During the past two decades, an incredible number of imaging technologies have been developed for eye diseases, both for diagnosis and follow-up.
During the past two decades, an incredible number of imaging technologies have been developed for eye diseases, both for diagnosis and follow-up. Most of these developments aim to improve the investigation of retinal diseases with fluorescein or indocyanine angiography, scanning laser ophthalmoscopy (SLO) and, more recently, the revolutionary optical coherence tomography (OCT).
There have been similar developments regarding the cornea and ocular surface, although use of these innovations remains more restricted. As the cornea is easily and directly accessible to biomicroscopy, several techniques were developed in the 1990s but with poor resolution at that time and limited uses in routine practice.
A breakthrough came in the early 2000s with the major improvement of the in vivo confocal microscopy technique provided by the Rostock Cornea Module, a customised objective added to the Heidelberg Retina Tomograph, a descendant of SLO and an outstanding tool for optic disk examination, its use more circumscribed than OCT but still usable in practice.
This curious marriage of an imaging technique dedicated to glaucoma diagnosis and a device developed by innovative academic researchers gave rise to a brilliant tool that made direct histological-like examination of the cornea possible, not only the central cornea as with previous devices, but the entire ocular surface.
Infectious diseases, corneal dystrophies, dry eye and many other disorders have now become accessible. Direct cell examination is possible at unbelievable resolutions, close to 1 µm, so that individual goblet cells, dendritic or polymorphonuclear cells can be counted and subcellular elements identified.
However, despite its major advantages, this technique has remained somewhat restricted because it is time-consuming and requires highly skilled operators.
At the same time, OCT began revolutionising the imaging domain based on research throughout the world that has concentrated on developing this tool to make retinal structures easily, rapidly and noninvasively accessible to clinicians and researchers for the first time. The technique improved step by step, and superb devices with impressive resolution and incredibly short examination times became available.
Almost every two years a new, even greater machine is introduced on the market, and the competition is fierce, pushing companies to improve their techniques and extend the device’s indications and applications. Imaging the cornea and anterior segment has clearly advanced in this race for the technological grail.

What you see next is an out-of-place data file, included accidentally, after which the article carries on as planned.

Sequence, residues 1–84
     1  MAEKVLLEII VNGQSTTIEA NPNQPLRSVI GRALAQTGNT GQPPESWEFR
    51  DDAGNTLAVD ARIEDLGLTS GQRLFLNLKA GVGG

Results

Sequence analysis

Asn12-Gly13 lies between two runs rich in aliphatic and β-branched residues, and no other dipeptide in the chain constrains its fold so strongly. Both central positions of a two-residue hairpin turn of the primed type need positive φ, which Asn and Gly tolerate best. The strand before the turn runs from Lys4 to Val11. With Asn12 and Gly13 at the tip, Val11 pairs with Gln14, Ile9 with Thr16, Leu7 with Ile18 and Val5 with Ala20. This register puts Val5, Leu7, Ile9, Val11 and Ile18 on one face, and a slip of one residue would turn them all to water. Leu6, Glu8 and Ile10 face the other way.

Retinal imaging has recently taken a further step forward with the incredible development of a technique capable of providing high-resolution images of the eye’s blood vessels, without any injection of potentially toxic or allergenic compounds: OCT angiography (OCT-A).
OCT-A can map the vascular plexi layer by layer, to precisely show even the smallest vessels and their interconnections and thus identify abnormal vessels or ischaemic areas where blood flow is compromised.
OCT-A has revolutionised care for retinal diseases and now shows similar potential for anterior segment vasculature. However, the quality of the anterior segment scans is still not as good as retinal images.
For example, anterior segment OCT-A does not tolerate the slightest eye movement on the part of the patient because even micro-movements create transverse artifacts on the final images. And so we must wait for technical improvements.
Meanwhile, a new unexpected application is appearing. OCT-A scans are based on moving elements rather than optical densities related to colour or staining with a dye.
The clear discrepancy observed between vascular density under slit-lamp examination and in OCT-A strongly suggests that this new tool not only targets blood vessels, but also a totally nonvisible parallel vascular network: the lymphatic vessels.
We are now viewing structures and tissues we have never seen before or could only access using invasive techniques. A new, truly innovative approach to the anterior segment is now in our hands and will certainly advance with the promising technical progress to come. We just have to wait for the next revolution!
Dr Christophe Baudouin, MD, PhD, FARVO
Dr Baudouin works for Quinze-Vingts National Ophthalmology Hospital & Vision Institute in Paris, France.